The slog of Nashville traffic only gets worse when school comes back into session, and Middle Tennessee transportation officials now say that drive times increase by 10 to 30 minutes during the school year.
Yet cities and the state are deploying some tactics to smooth the transition — and drivers who have seen congestion get worse have a few ideas, too.
“When school’s out, it’s beautiful. I love the commute. It feels like a day off,” said Jon Wilke, a radio producer. He drives nearly 50 miles each day from Gallatin to Cool Springs.
With school in, his tone changes.
“An hour-plus every day can really wear you down and age you a lot and can really set you up for a day of frustration in your office,” he said.
So Wilke takes advantage of flexible work hours — an idea that transportation planners wish more major employers would seize on, to reduce peak rush hours. And Wilke schedules almost daily work calls for the commute, or queues up podcasts and Bible verse listening.
And for Anna Grimes, who cuts across West Nashville, her school of thought is to always keep moving.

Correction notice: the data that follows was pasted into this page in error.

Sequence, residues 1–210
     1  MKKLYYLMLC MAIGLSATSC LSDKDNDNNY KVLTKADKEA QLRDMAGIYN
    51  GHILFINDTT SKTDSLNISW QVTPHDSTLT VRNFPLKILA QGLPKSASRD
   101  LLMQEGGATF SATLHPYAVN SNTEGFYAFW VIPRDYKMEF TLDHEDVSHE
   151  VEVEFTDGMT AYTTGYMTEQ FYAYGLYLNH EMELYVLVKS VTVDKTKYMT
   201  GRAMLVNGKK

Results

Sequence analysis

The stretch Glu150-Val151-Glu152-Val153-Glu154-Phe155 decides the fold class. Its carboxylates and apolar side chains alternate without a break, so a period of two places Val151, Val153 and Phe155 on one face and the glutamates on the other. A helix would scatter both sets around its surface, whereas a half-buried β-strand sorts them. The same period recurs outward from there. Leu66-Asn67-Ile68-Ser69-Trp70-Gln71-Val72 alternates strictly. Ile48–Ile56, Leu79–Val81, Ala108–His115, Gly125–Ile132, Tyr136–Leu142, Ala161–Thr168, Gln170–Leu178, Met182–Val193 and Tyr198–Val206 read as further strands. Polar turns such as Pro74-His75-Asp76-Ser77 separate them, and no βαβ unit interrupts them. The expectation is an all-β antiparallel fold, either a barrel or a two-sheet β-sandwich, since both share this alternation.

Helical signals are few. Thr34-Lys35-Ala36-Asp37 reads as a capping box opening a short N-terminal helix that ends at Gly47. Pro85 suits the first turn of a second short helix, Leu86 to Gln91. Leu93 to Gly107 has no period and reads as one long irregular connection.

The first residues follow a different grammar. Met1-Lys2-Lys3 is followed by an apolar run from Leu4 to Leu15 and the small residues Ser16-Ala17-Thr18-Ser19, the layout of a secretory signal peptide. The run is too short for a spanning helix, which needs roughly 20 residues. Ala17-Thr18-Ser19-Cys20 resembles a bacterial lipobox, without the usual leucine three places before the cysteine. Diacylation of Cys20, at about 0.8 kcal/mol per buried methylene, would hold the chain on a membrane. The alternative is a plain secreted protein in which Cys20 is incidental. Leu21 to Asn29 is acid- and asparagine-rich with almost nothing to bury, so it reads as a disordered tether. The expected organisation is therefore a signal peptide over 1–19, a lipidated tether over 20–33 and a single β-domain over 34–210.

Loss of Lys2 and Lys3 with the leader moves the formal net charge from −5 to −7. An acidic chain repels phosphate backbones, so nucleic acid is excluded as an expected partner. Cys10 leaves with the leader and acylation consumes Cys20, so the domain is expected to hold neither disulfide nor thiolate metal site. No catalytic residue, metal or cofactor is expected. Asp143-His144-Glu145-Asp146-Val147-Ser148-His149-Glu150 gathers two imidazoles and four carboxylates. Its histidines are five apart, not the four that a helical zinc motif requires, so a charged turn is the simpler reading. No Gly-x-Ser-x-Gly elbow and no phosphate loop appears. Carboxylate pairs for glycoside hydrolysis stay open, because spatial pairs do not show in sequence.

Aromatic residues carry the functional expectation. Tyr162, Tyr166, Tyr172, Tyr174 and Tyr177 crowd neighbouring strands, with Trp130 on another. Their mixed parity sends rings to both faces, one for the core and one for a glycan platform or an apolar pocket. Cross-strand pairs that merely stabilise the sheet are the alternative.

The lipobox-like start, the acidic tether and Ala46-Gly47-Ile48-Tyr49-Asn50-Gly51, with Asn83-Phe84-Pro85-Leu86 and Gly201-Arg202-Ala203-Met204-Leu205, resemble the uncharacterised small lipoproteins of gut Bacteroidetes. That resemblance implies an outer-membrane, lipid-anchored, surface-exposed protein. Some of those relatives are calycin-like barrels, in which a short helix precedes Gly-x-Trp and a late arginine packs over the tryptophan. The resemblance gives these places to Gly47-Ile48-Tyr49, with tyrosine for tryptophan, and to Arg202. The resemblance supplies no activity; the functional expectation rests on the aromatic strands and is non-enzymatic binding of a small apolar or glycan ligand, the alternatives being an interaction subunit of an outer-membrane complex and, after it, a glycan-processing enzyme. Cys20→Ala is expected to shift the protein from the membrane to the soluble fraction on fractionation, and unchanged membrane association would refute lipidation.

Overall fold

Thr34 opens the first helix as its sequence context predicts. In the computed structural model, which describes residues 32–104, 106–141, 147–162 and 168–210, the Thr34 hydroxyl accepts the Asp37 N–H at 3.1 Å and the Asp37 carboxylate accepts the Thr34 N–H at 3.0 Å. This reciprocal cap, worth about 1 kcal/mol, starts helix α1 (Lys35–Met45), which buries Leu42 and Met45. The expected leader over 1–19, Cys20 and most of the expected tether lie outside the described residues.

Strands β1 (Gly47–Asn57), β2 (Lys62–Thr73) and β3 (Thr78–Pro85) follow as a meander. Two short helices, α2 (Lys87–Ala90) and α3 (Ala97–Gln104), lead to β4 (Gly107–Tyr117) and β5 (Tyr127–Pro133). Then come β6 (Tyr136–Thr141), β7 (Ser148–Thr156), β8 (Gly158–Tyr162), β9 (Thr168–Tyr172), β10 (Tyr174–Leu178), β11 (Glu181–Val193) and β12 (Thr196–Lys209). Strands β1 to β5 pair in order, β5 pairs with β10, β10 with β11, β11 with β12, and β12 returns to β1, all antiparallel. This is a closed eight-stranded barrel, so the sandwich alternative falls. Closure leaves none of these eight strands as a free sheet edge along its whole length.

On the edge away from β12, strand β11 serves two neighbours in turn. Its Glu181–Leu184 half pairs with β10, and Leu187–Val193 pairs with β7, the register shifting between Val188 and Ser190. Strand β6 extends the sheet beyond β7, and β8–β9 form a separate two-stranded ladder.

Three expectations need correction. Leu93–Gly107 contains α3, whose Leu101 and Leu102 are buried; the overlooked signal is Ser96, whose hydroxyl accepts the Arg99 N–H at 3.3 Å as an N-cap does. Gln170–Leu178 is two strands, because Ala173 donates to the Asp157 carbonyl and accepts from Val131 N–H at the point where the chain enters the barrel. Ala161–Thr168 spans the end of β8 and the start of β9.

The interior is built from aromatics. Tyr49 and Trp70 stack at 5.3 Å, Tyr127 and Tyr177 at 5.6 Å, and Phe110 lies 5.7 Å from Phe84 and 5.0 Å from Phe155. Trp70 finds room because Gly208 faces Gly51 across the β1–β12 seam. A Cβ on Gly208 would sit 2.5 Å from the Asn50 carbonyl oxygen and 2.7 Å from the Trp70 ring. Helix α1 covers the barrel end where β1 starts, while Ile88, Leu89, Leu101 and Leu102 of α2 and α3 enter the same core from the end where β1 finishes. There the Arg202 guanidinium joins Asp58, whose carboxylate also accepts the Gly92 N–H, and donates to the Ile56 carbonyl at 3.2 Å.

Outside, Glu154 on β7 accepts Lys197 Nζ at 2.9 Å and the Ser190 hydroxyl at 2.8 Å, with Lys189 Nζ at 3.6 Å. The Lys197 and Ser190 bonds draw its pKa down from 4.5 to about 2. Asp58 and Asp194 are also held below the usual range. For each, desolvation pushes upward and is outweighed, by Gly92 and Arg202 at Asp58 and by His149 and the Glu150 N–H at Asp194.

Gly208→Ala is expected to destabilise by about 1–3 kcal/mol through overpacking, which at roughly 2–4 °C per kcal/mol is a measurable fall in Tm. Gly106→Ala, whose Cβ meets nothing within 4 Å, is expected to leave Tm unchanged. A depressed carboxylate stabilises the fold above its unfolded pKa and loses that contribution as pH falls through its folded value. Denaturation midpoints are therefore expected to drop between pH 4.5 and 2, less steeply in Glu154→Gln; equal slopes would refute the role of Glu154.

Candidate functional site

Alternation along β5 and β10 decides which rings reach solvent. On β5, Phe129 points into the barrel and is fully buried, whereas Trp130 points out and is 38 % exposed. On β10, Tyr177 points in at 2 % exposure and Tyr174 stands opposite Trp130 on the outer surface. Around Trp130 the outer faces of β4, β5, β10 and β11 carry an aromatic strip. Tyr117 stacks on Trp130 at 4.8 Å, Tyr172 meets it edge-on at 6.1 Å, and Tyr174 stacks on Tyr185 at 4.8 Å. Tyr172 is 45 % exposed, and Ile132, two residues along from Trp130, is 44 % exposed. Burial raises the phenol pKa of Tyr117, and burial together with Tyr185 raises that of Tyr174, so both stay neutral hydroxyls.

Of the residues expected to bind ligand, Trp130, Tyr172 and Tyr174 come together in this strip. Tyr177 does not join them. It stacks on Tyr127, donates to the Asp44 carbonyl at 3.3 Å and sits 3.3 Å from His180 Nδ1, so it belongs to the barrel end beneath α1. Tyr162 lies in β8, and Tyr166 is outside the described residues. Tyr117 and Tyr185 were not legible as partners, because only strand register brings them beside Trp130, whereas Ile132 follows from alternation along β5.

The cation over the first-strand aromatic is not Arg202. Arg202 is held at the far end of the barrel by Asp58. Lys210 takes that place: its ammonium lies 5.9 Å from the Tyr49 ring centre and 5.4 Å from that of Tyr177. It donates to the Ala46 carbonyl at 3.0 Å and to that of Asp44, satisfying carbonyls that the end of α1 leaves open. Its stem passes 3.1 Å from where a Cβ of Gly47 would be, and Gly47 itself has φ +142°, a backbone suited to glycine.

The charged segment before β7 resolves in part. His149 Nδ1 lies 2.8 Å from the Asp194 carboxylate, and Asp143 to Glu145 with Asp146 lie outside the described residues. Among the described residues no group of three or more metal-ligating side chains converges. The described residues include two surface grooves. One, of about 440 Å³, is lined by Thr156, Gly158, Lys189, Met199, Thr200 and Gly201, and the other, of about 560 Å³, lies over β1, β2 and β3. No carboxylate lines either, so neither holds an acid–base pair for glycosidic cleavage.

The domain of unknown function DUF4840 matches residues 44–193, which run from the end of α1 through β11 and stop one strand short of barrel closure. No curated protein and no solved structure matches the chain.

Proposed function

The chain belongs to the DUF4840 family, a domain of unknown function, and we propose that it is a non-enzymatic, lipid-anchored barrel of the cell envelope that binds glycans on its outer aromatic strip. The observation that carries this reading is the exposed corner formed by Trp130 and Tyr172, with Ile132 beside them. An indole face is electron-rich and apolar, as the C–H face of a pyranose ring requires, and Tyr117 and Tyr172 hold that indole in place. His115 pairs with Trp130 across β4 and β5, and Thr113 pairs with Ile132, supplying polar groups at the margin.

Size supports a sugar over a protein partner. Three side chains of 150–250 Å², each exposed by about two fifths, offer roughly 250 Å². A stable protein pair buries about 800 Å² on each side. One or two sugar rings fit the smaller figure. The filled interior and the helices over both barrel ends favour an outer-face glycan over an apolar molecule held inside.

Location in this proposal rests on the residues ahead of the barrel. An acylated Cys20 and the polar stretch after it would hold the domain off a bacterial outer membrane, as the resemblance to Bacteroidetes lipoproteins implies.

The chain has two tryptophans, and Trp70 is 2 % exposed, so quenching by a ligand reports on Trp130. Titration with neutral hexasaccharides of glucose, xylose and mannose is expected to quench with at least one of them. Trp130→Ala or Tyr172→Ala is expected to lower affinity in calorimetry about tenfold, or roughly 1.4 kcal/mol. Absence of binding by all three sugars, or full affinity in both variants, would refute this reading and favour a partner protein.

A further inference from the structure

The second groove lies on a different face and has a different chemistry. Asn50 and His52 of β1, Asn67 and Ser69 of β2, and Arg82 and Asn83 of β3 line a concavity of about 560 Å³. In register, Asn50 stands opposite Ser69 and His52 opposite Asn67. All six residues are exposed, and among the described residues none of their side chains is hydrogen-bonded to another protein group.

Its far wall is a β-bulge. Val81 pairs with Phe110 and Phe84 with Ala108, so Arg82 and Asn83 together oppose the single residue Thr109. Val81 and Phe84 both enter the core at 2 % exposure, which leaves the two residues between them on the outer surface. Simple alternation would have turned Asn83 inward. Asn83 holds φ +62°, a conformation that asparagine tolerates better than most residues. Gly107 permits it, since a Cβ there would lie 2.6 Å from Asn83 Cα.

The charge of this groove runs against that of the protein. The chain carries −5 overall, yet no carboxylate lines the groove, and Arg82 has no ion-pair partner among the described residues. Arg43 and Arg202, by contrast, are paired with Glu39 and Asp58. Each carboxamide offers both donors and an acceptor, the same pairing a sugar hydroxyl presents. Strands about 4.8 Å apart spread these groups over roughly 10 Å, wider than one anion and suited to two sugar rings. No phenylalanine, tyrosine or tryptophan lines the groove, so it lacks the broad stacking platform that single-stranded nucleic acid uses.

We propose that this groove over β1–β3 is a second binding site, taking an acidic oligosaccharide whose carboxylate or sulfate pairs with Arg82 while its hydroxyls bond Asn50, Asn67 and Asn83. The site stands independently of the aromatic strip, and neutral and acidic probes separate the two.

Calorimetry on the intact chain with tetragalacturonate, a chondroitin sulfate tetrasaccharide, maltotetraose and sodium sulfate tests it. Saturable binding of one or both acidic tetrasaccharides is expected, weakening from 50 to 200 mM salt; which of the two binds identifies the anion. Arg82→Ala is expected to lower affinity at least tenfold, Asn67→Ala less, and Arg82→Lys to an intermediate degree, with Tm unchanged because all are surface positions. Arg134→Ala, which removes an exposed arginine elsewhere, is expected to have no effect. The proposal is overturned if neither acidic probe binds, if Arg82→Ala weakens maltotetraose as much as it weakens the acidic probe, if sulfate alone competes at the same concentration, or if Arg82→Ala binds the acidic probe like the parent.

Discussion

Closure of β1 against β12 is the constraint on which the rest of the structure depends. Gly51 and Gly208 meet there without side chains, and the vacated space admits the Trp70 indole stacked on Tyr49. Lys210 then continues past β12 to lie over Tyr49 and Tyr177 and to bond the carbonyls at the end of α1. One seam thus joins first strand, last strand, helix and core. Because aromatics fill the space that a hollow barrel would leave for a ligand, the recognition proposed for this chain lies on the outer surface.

“If there’s an accident … it’s just a mess … You just have to make an educated guess: ‘OK, how bad is it going to be this afternoon?’ And then you start your little process.”
For her, that means avoiding West End Avenue — even cutting through Centennial Park if need be.
“I’m sure there’s a psychological component of ‘I’m not sitting still,’ ” she said.
With three kids, Grimes has had 16 years to find squiggly alternative routes.
Lately, she has gotten some help from Metro. To much fanfare,
the city re-timed its traffic signals in the past year, which has cut travel times. And engineers say the system is now responsive enough that it can take school pickup and drop-off times into account and keep traffic moving better than in the past.
“And then just be ready to man the phones,” said Jeff Hammond, Metro Public Works assistant director. “With the start of school … we’re always made aware of little things that aren’t working quite right.”
Meanwhile, the Tennessee Department of Transportation is evaluating what’s known as “active freeway management,” said Brad Freeze, director of traffic operations. One method would be placing stop-and-go lights on entrance ramps to control the flow.
“We’ve never done ramp metering in Tennessee. That has been shown to be an effective tool,” he said.
The question is whether the tactics can arrive fast enough, as school districts grow at about 3 to 7 percent a year.
Otherwise, commuters like Wilke can dream — patiently.
“I’m looking forward to self-driving cars,” he said, “when we can all just sit back and read a novel and listen to podcasts, or nap, and traffic kind of sorts itself out.”